"From Jamestown to Jefferson" sheds new light on the contexts
surrounding Thomas Jefferson's Statute for Religious Freedom--and
on the emergence of the American understanding of religious
freedom--by examining its deep roots in colonial Virginia's
remarkable religious diversity. Challenging traditional assumptions
about life in early Virginia, the essays in this volume show that
the colony was more religious, more diverse, and more tolerant than
commonly supposed. The presence of groups as disparate as Quakers,
African and African American slaves, and Presbyterians, alongside
the established Anglicans, generated a dynamic tension between
religious diversity and attempts at hegemonic authority that was
apparent from Virginia's earliest days. The contributors, all
renowned scholars of Virginia history, treat in detail the complex
interactions among Virginia's varied religious groups, both in and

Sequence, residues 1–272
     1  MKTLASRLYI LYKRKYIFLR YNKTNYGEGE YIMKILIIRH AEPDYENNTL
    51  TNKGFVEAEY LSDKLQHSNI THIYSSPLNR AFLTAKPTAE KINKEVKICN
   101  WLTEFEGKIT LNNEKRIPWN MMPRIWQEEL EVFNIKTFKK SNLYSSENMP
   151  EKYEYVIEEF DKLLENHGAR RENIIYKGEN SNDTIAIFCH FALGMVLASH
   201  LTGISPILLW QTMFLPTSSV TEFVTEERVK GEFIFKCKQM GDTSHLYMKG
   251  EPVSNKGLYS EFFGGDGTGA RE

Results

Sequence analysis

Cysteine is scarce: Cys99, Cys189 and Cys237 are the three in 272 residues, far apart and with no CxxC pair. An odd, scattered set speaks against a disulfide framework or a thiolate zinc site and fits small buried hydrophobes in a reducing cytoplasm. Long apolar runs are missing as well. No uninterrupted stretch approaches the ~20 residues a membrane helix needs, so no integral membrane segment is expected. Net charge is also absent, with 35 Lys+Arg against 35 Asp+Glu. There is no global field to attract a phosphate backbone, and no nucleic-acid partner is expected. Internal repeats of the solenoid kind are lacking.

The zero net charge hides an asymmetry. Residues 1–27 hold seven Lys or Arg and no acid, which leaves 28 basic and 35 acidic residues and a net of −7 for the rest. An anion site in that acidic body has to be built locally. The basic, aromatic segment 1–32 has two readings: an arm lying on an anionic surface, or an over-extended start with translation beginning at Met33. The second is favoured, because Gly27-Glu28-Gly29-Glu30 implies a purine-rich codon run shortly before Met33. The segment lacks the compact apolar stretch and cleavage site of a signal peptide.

out of power, as well as the seismic changes unleashed by the
Statute's adoption in 1786. "From Jamestown to Jefferson" suggests
that the daily religious practices and struggles that took place in
the town halls, backwoods settlements, plantation houses, and slave
quarters that dotted the colonial Virginia landscape helped create
a social and political space within which a new understanding of
religious freedom, represented by Jefferson's Statute, could
"Contributors" Edward L. Bond, Alabama A&M University *
Richard E. Bond, Virginia Wesleyan College * Thomas E. Buckley,
Jesuit School of Theology of Santa Clara University/Graduate
Theological Union * Daniel L. Dreisbach, American University,
School of Public Affairs * Philip D. Morgan, Johns Hopkins
University * Monica Najar, Lehigh University * Paul Rasor, Virginia
Wesleyan College * Brent Tarter, Library of Virginia
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